Police on Saturday said nine people died and 14 were seriously wounded in a gas tanker explosion in west Baghdad that occurred just hours after Defense Secretary Donald H. Rumsfeld (search) left the capital following a surprise visit.

Initially, police and hospital sources said two died in Friday night's explosion of the butane truck, which was wired with explosives. It blew up in the upscale Mansour district, which houses many foreign missions and is home to top Iraqi government officials.

Police spokesman Lt. Col. Raed Abbas said seven more bodies were discovered on Saturday underneath the rubble of one of the three houses destroyed in the blast.

In the nearby al-Yarmouk Hospital, several of the injured with burn blisters on their blackened faces and limbs cried and shivered in pain.

Abdel Imam, who witnessed the blast, told reporters that the gas truck drove high speed into the Mansour districts with lights turned off moments before its driver triggered the detonation. He said that "a whole family" perished under the rubble of one of the houses demolished in the blast.

There were no members of the multinational forces among the casualties, said Capt. Brian Lucas, a U.S. military spokesman in Baghdad. There were no injuries inside the embassies.

Rumsfeld's surprise one-day tour in Iraq took him to Mosul, Fallujah and Tikrit and the heavily barricaded Green Zone in Baghdad — he did not visit the Mansour area. Throughout his meetings with U.S. troops, he insisted that the insurgency that plagued the country for months would be defeated.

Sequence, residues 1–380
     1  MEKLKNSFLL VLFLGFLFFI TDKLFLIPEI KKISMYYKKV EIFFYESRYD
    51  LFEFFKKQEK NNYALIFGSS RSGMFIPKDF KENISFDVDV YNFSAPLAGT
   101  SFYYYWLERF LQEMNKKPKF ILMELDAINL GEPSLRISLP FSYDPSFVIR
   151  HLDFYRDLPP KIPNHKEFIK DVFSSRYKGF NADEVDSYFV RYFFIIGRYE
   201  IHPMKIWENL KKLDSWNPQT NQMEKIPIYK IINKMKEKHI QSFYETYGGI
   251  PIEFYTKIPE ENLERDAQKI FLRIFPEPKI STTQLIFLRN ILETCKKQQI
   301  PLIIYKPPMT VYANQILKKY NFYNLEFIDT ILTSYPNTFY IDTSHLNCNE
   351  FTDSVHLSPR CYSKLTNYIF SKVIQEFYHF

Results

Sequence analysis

Still, violence has escalated even after the U.S. offensive in Fallujah last month that largely captured the guerrilla's main stronghold.

On Tuesday, insurgents in Mosul, a northern city that has become a center for violence, carried out the deadliest attack yet against Americans — a suicide bombing inside a mess tent at a U.S. base.

The blast — claimed by the radical Islamic group known as the Ansar al-Sunnah Army (search) — killed 22 people, most of them American soldiers and civilians. The bomber believed to have carried out the attack was probably wearing an Iraqi military uniform, the U.S. military has said.

Brig. Gen. Richard P. Formica, who investigated abuse at Abu Ghraib (search) prison, is leading a new, wide-ranging probe into security lapses that allowed the bomber to penetrate a packed mess hall on the base, authorities said Friday.

In Fallujah, around 4,000 displaced citizens returned to inspect their homes Friday, the second day that authorities have allowed some residents back into the devastated city.

Much of Fallujah remains uninhabitable since the U.S. offensive because of destroyed homes, unexploded ordinance on the streets, and a lack of water or basic supplies. But repatriating the tens of thousands of people who fled the city before the assault is a key step in the attempt to restore stability in the city ahead of Jan. 30 elections.

Many of those who arrived Friday were shocked and angry. Some said they would rather remain in makeshift camps outside the town than return to their bombed out homes.

Iraq's interim security minister, Kassim Daoud, said others were insisting on returning despite clashes that have continued in the city since the offensive ended — including heavy fighting on Thursday that killed three U.S. Marines.

A posting Friday on an Islamic Web site made a rare admission of significant casualties among insurgents in Thursday's clash, saying 24 were killed. Nineteen were said to be non-Iraqi Arabs from Saudi Arabia, Kuwait, Bahrain, Egypt, Syria and Jordan. The rest were said to be Iraqis.

Meanwhile on Saturday, a female member of Iraq's interim National Assembly was found dead after being kidnapped three days ago, medic Sabah Aboud of the al-Yarmouk hospital said.

Wijdan Al-Khuzaie was kidnapped by unidentified persons in front of her house in Baghdad's western neighborhood of Ghazaliya, Aboud added.